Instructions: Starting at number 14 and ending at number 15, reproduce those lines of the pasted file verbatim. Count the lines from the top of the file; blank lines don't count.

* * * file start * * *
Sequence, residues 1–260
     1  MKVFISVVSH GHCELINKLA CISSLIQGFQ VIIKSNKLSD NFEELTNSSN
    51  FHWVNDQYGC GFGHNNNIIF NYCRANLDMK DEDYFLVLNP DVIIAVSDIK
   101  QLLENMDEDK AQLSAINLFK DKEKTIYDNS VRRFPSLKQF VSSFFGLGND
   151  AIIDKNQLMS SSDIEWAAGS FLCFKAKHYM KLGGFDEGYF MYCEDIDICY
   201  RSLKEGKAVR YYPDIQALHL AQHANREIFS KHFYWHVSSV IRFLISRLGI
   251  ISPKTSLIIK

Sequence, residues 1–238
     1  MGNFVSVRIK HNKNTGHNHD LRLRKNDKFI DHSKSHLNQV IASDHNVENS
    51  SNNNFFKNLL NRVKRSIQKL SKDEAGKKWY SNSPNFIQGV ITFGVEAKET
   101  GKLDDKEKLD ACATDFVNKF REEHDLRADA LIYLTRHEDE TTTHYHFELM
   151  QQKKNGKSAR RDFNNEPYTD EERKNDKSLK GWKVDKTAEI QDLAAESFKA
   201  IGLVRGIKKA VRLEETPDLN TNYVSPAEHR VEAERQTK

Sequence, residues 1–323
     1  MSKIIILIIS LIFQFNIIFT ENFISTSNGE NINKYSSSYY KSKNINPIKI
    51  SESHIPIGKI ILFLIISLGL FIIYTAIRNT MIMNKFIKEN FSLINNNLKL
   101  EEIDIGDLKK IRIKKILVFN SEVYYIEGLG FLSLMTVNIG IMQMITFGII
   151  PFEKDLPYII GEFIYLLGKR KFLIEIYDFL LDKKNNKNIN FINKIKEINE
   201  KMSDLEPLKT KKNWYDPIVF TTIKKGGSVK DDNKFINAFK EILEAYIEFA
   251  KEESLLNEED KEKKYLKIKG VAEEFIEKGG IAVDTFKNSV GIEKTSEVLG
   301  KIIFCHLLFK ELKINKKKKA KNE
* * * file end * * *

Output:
Sequence, residues 1–323
     1  MSKIIILIIS LIFQFNIIFT ENFISTSNGE NINKYSSSYY KSKNINPIKI